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  Reply # 1224783 29-Jan-2015 15:39
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RR:

As for Vodafone not being able to help...?  I worked for a telco in the past, and it's not about being unABLE to help, they just don't want to or don't know how.  If I were a 75 year old lady and went into a Vodafone/Spark/2 Deg store and explained my specific situation, I'd expect someone might try to help.  They can't, so I came here.  But thanks anyway.  Next time I'll just call a help desk in India.  :D



I'm not sure why Vodafone should be prepared to offer help for the use of a product outside the scope of a supported scenario. They've very clearly told you that the device needs to use a software dialer, and that's something will support. I'm quite sure what support you are expecting Vodafone to actually offer - there is absolutely nothing they can do to make their product work with a D-link router

D-link should be your support channel for their product, and I would fully expect them to provide support with their product if you had a stick that was supported. As you've got a USB stick that's not supported by then, there isn't much they can really do.



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  Reply # 1224792 29-Jan-2015 16:00
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sbiddle:
RR:

As for Vodafone not being able to help...?  I worked for a telco in the past, and it's not about being unABLE to help, they just don't want to or don't know how.  If I were a 75 year old lady and went into a Vodafone/Spark/2 Deg store and explained my specific situation, I'd expect someone might try to help.  They can't, so I came here.  But thanks anyway.  Next time I'll just call a help desk in India.  :D



I'm not sure why Vodafone should be prepared to offer help for the use of a product outside the scope of a supported scenario. They've very clearly told you that the device needs to use a software dialer, and that's something will support. I'm quite sure what support you are expecting Vodafone to actually offer - there is absolutely nothing they can do to make their product work with a D-link router

D-link should be your support channel for their product, and I would fully expect them to provide support with their product if you had a stick that was supported. As you've got a USB stick that's not supported by then, there isn't much they can really do.


 

 

What Steve says. When I said 'talk to your vendor' I meant (for clarity) the people who supplied the D-Link.

 

 

Anyone supplying a solution should know that the device they've selected is fit-for-purpose. The vendor of the individual components is not responsible for the aggregated solution... and if you're reverting to a community forum for technical support you're already scraping the bottom of the barrell IMHO.




RR



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  Reply # 1224818 29-Jan-2015 17:00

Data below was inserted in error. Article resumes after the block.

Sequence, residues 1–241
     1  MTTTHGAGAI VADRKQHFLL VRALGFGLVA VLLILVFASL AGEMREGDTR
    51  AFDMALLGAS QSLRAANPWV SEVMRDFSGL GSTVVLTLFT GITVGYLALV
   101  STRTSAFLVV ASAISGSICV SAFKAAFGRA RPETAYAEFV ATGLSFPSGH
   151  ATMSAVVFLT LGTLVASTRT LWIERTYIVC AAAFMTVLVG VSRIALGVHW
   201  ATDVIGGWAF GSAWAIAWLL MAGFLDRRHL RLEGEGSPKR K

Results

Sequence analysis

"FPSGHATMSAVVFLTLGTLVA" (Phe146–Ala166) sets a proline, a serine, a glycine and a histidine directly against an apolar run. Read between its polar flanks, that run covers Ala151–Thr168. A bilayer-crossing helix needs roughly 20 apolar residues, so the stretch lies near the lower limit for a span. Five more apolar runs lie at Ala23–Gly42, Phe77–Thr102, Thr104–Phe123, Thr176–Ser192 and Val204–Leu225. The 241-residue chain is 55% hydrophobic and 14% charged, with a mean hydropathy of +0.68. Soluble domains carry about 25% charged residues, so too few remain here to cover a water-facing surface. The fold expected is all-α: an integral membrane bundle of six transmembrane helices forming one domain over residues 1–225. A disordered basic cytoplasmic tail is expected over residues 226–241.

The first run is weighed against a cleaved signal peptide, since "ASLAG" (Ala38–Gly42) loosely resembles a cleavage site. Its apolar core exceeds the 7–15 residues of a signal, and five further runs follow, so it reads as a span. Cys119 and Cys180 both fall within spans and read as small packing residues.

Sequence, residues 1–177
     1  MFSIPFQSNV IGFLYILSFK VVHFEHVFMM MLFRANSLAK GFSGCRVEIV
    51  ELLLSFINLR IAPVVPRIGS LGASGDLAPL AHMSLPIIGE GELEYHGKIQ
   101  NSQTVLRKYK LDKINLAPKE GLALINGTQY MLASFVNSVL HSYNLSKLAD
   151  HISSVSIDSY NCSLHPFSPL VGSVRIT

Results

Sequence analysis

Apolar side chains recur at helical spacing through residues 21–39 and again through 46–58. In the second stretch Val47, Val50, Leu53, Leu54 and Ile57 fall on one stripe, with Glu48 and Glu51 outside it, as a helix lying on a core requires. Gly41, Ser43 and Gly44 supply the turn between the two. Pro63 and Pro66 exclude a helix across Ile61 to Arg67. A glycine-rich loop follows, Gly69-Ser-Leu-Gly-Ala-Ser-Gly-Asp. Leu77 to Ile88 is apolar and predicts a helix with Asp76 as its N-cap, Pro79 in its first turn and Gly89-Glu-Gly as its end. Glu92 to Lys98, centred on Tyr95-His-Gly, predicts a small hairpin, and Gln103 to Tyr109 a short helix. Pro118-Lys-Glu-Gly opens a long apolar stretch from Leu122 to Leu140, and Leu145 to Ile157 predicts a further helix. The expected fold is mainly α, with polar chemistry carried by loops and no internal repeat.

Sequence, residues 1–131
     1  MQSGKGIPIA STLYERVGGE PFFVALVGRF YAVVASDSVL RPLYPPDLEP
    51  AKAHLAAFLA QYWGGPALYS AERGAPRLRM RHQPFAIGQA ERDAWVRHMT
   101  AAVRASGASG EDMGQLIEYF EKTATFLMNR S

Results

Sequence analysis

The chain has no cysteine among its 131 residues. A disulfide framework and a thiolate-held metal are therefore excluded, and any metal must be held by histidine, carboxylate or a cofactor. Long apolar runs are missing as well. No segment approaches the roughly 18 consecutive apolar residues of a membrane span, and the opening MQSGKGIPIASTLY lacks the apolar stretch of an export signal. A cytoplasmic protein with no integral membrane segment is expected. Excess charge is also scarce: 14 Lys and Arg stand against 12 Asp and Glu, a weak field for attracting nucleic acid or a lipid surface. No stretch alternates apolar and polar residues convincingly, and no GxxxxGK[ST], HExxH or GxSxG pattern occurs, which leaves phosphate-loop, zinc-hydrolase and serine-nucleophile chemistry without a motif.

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Thanks again all.  Yes, this was the bottom of the barrel.  When Voda couldn't tell me which device I could buy that would "just work", I didn't know what else to try.  I didn't want support with the router, just wanted a product that would connect without software, figured it must have been possible, wasn't aware it was router firmware reliant.  

I'm a web guy, I fix websites, I was tasked with finding a way to help this customer, and I thought the world-famous Geekzone was a good place to end the search.  But I'll trot off now with my tail firmly tucked between my legs.  Thanks for the exceptional subtle but educational beat down y'all!  LMAO

I'm also not new to forums, so I understand how things can be misundermistaken.  Next time, I will try harder.    tongue-out


Nick

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  Reply # 1224821 29-Jan-2015 17:06
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This isn't a beat-down - but the lesson is to probably make clear that you've done all 'the usual' checks first, including checking the vendors website for data :-) Communities like this are usually receptive to plaintive 'help-me!' requests as long as they know you've done the basics first and are genuinely stuck.

 

 

Cheers.




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  Reply # 1224822 29-Jan-2015 17:07
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This isn't a "beat down". It's merely pointing out that you were looking at the wrong place for support. If you didn't want to go to the effort of having to integrate various devices and ensure compatibility then buying an all-in-one 3G/WiFi hotspot would have been the best solution.

Using 3G sticks in routers always has been, and always will be a problem area. Yes in the perfect world it can work well, but there are plenty of issues that stop this ever being a mainstream plug and play solution for the many users.



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  Reply # 1230790 3-Feb-2015 21:12
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Mobile Wifi or Mifi is a far more reliable setup. Spark have a 4G Huawei Mf910 which connects to basically all the frequencies of the nz telcos including 700Mhz band 28 LTE. Can connect up to 10 devices.

[url]http://www.sparkdigital.co.nz/solutions/mobility/mobile-devices/spark-mf910-hotspot-white/[url/]

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